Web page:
Work Experience Services allow a customer to be placed at a business or an agency within the community to complete short-term experience to gain skills that are transferable to future long-term competitive integrated employment. Work experience can assist in determining whether a customer is ready for competitive, integrated employment; exploring career options for an individual; and/or developing skills to include in an individual's résumé for a certain vocation. There are three Work Experience Services. For a detailed service description, the process and procedures, and the outcomes required for payment of each, see the following:

  • 14.3 Work Experience Placement
  • 14.4 Work Experience Monitoring
  • 14.5 Work Experience Training

Bundled Job Placement is a benchmark service that assists customers in preparing for and completing the job search process. Bundled Job Placement helps customers obtain a job that meets their needs, as outlined in the VR1845B, Bundled Job Placement Services Benchmark Service Plan–Part B and the Benchmark Status Report. For a detailed service description, the process and procedures, and the outcomes required for payment, see Chapter 17: Basic Employment Services, 17.4 Bundled Job Placement Services.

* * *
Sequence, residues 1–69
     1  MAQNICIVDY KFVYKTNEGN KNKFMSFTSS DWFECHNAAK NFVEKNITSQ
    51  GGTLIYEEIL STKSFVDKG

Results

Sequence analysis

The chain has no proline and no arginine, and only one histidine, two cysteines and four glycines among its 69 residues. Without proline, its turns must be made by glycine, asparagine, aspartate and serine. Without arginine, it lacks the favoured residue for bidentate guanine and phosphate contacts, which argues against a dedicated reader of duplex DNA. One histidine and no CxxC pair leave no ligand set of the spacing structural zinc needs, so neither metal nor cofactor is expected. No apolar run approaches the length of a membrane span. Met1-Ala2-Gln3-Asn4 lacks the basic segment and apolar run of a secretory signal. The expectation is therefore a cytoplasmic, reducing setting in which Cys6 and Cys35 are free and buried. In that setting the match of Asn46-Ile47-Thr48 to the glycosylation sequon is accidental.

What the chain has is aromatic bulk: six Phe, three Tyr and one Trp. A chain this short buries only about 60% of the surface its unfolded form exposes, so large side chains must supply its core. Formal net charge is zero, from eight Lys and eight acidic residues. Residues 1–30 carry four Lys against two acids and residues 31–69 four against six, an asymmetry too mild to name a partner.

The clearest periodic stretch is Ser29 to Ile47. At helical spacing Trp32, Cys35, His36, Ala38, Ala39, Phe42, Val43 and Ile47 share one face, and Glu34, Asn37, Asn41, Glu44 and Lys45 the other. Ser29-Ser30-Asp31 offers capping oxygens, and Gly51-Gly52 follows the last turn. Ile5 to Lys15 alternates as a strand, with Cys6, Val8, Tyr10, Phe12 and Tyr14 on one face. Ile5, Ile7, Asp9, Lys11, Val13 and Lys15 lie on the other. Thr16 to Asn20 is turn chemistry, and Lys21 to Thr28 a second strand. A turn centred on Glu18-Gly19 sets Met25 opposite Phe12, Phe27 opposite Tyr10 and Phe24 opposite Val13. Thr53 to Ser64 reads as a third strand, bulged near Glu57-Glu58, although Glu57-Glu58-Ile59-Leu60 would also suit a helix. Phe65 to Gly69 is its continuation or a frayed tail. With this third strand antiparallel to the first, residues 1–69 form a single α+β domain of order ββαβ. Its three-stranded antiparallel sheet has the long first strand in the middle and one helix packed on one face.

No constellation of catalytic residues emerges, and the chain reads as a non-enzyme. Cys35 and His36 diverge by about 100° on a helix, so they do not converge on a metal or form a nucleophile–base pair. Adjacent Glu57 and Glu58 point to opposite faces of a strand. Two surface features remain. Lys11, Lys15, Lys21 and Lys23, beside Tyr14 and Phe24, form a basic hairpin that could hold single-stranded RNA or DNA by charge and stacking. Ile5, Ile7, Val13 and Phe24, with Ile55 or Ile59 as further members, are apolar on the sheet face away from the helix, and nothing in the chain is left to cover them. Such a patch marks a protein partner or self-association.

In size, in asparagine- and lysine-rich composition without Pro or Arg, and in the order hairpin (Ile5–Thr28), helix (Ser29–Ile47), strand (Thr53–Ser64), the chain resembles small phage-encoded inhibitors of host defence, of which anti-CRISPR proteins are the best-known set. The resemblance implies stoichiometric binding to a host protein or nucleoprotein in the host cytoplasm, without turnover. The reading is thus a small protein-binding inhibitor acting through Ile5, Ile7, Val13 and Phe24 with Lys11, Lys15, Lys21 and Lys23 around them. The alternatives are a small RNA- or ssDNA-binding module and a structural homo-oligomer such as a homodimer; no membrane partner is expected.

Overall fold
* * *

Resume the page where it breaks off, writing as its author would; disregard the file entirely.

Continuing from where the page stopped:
Job Skills Training teaches skills, reinforces skills, and develops or sets up accommodations and/or compensatory techniques to increase the customer's independence and ability to meet the employer's expectations when placed in the final placement for VR case closure. The training is purchased when a customer needs more training and support than is provided by the employer. For a detailed service description, the process and procedures, and the outcomes required for payment, see Chapter 17: Basic Employment Services, 17.5 Job Skills Training.